How did Jeb do last night on the premiere of The Late Show with Stephen Colbert?
About as well as Colbert, which may be just behind Trump (who wasn’t there).
For months, Colbert has signaled his intention to retire his beloved character of the last decade, the conservative political pundit who hosted The Colbert Report. CBSnews.com reported last week:
“I mean, it’s understandable — I worked really hard to be that other guy for ten years,” Colbert told Rocca in an interview to be broadcast on CBS’ Sunday Morning September 6. “I hope they’ll find out pretty quickly that the guy they saw for ten years was my sense of humor the whole time. I’m not just a pundit — I’m a comedian.”
“It is, I guess, flattering that people thought I was an actual pundit or a newsman, eventually, over the years. But it’s really nice not to have to pretend it any more!”
Well, as of last night, Colbert is done pretending:
“For seven years, on the Republican side, the emotional needle has been nailed–bang–in one spot: Obama Bad, Maybe Not American. And then the Democrats have to argue that he’s the best, just to counter that emotional narrative that the Republicans have.”
Would Colbert concede the possibility that his own assessment is itself a product of a Democrat narrative? It doesn’t sound like it, but maybe.
Trump Commands Colbert’s Segment on Him… and He Isn’t Even There
Colbert may have given up his old part, but he was hardly working without a script. At times, he appeared still to be getting comfortable in his new role. If Jimmy Fallon is considered a presenter during his late show (as Leno and Letterman were), then Colbert should be considered a performer. No, he is not in character, but he doesn’t seem entirely at ease, either (at least, not yet).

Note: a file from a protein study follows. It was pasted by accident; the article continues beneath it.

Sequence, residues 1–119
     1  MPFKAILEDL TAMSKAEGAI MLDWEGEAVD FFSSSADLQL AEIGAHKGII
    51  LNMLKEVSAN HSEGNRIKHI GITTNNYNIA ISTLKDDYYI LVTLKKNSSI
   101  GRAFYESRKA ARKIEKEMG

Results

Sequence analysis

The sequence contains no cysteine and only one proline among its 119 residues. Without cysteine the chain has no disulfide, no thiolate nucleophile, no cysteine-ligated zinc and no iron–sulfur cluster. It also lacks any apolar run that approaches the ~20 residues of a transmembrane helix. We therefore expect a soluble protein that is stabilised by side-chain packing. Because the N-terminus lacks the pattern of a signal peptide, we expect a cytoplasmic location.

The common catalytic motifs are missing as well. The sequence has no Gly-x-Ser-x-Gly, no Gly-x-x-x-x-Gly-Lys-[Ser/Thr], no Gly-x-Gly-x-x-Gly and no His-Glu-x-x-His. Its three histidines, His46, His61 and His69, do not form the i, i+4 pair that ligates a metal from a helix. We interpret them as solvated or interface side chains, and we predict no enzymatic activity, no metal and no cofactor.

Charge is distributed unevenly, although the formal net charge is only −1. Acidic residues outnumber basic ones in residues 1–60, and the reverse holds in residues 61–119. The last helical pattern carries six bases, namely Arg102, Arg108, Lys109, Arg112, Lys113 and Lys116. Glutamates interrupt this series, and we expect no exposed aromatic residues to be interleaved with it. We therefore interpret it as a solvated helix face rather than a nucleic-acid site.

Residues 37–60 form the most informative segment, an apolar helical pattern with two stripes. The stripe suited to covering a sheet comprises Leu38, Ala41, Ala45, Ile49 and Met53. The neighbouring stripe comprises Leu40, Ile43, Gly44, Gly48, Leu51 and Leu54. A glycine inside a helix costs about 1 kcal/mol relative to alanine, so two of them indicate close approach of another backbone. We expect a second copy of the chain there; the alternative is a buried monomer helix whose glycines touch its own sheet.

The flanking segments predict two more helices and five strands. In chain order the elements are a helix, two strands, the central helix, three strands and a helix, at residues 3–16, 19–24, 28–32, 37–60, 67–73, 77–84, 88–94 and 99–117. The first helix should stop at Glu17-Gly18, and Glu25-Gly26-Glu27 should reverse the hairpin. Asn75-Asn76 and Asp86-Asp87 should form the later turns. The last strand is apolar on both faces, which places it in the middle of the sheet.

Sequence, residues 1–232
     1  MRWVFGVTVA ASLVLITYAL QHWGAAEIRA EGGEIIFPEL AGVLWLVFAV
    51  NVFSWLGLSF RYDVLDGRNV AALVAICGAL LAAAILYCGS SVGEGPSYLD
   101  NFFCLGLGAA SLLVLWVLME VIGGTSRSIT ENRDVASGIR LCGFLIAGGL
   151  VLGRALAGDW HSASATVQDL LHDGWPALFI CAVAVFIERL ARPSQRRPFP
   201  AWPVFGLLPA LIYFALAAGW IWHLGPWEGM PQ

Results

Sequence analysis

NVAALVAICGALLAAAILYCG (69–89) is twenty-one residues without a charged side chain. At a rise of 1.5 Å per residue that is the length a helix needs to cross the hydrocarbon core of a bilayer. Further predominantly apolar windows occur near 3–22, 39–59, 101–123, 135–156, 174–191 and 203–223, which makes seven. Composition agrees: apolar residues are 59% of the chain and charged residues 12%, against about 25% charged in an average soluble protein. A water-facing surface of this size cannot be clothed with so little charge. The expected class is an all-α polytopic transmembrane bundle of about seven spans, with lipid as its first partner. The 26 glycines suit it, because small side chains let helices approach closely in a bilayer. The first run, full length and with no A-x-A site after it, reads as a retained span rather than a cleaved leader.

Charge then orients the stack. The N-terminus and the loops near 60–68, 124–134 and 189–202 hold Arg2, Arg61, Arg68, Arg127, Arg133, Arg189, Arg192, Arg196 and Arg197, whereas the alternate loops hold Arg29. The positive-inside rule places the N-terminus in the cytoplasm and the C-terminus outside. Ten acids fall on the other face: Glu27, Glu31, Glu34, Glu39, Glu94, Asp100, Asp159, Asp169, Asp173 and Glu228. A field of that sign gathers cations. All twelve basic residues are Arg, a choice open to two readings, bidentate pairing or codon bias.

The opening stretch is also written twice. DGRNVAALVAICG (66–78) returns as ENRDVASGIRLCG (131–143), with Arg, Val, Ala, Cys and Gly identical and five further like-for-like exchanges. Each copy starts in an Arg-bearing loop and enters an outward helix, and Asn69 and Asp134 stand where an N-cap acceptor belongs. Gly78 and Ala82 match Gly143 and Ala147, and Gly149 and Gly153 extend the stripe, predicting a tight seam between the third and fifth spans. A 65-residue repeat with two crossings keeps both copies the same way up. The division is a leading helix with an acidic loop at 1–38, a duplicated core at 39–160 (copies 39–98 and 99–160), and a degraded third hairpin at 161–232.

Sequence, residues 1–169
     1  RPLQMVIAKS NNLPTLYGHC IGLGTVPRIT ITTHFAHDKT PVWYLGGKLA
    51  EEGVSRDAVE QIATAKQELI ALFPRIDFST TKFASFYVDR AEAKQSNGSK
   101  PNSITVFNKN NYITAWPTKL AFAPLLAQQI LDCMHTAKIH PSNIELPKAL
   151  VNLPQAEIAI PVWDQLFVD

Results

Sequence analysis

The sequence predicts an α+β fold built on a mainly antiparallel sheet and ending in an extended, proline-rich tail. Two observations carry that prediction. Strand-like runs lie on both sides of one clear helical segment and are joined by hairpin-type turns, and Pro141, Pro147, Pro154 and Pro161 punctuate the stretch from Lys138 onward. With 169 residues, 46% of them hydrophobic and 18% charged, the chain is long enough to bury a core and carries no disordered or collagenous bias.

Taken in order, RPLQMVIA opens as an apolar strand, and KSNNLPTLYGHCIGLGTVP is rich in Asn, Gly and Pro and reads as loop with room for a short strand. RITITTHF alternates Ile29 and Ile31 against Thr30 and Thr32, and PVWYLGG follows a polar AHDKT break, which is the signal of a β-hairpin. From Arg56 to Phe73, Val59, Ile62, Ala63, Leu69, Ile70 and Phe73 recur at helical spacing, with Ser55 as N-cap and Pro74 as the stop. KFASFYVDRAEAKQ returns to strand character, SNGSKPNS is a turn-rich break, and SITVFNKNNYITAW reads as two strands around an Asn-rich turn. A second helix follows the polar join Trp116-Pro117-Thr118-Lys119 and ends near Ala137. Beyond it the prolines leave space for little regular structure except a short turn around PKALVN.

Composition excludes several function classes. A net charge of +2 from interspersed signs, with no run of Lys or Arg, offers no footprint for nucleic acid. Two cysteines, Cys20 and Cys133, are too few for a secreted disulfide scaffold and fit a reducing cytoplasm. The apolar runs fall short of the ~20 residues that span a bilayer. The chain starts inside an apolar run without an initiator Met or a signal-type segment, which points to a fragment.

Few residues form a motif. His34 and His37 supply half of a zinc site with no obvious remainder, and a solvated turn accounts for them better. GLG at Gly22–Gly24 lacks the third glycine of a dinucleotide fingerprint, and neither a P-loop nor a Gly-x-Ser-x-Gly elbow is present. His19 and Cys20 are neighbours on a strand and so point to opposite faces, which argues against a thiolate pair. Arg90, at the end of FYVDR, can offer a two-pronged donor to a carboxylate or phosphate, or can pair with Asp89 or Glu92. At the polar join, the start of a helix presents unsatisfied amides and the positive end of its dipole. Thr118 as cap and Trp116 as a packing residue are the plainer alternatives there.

Comfortable or not, there is little that Colbert cannot render hilarious, especially when Trump is fodder. Many of The Donald’s statements on the campaign trail are inherently, if accidentally, comical, so Colbert’s use of Trumpisms was really just him racking up gimmes–which, four minutes into this segment, he basically admitted: “You don’t own me. And I don’t need to play tape of you to have a successful TV show.”
Not bad. But comments on Rollingstone.com’s review of the segment is a reminder that Trump, not Colbert, provided the real material, with Colbert merely responding. As a result, Colbert is subject to the same force that Trump exerts over most of his fellow Republican candidates and the media.
Bush Schooled by Colbert
Trump’s personality is proving so powerful that Colbert seemed to have an easier time steering Jeb Bush–live on the set–than Trump on pre-recorded video.
The former governor from Florida gets a B+ for effort with the newly uninhibited Stephen Colbert, who found his stride as Bush searched for his. Bush brought a mixture of gravitas and levity, but at times seemed unsure when to use which, rushing through a laughter-punctured minute of Colbert “teaching” him how to reel in an audience before delivering a hard blow:
Since Bush is a presidential candidate, not a comedian, the content of his speech is far more important than his timing. That content fell along three channels:
1. Barack Obama does not have bad motives. He is just wrong on policy.
2. We have to restore a degree of civility to American political culture.
3. George W. Bush’s second term was filled with profligate spending; Jeb’s own presidency would not be, although he definitely would not end certain entitlements.
Bush’s eagerness to vouch for President Obama may conjure images of New Jersey Governor Chris Christie hugging the president following the destruction of hurricane Sandy. Unlike Christie’s, Bush’s embrace of Obama’s pure heart was probably calculated to assuage a live audience that, as Colbert pointed out, was predisposed to disagree with the Republican.
In any case, as Romney’s 2011 Top Ten reminds us, mixing Republican politicians with liberal comedians can always be worse:
Image courtesy The Late Show with Stephen Colbert.